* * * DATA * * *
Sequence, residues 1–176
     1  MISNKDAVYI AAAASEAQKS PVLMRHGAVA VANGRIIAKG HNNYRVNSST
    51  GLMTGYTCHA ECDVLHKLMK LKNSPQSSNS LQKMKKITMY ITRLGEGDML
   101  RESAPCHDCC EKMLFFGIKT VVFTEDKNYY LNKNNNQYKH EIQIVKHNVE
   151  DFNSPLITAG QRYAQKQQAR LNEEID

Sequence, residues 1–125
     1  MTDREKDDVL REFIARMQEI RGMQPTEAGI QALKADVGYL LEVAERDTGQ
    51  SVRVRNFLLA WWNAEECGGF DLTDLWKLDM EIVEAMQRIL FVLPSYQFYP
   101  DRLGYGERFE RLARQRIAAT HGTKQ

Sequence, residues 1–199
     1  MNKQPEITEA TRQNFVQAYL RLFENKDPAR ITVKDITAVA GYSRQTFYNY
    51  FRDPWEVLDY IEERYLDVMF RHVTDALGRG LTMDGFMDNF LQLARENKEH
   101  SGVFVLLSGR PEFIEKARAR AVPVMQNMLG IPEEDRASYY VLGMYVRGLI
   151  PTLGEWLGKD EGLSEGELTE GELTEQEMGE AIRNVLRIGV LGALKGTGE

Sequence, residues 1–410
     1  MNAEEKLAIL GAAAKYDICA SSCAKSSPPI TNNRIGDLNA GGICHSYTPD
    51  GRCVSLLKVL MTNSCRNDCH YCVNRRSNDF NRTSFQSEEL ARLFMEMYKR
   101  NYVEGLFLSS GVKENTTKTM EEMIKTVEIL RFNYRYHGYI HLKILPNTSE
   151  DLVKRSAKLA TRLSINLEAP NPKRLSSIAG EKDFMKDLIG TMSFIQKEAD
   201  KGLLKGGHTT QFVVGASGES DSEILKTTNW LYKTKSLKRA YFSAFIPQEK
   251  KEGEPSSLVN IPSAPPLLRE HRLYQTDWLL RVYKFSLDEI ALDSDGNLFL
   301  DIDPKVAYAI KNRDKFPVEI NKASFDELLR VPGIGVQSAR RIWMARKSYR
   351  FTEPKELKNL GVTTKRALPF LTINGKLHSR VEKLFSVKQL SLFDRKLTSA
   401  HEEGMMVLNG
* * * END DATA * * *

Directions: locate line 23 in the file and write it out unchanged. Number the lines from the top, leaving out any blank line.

   351  FTEPKELKNL GVTTKRALPF LTINGKLHSR VEKLFSVKQL SLFDRKLTSA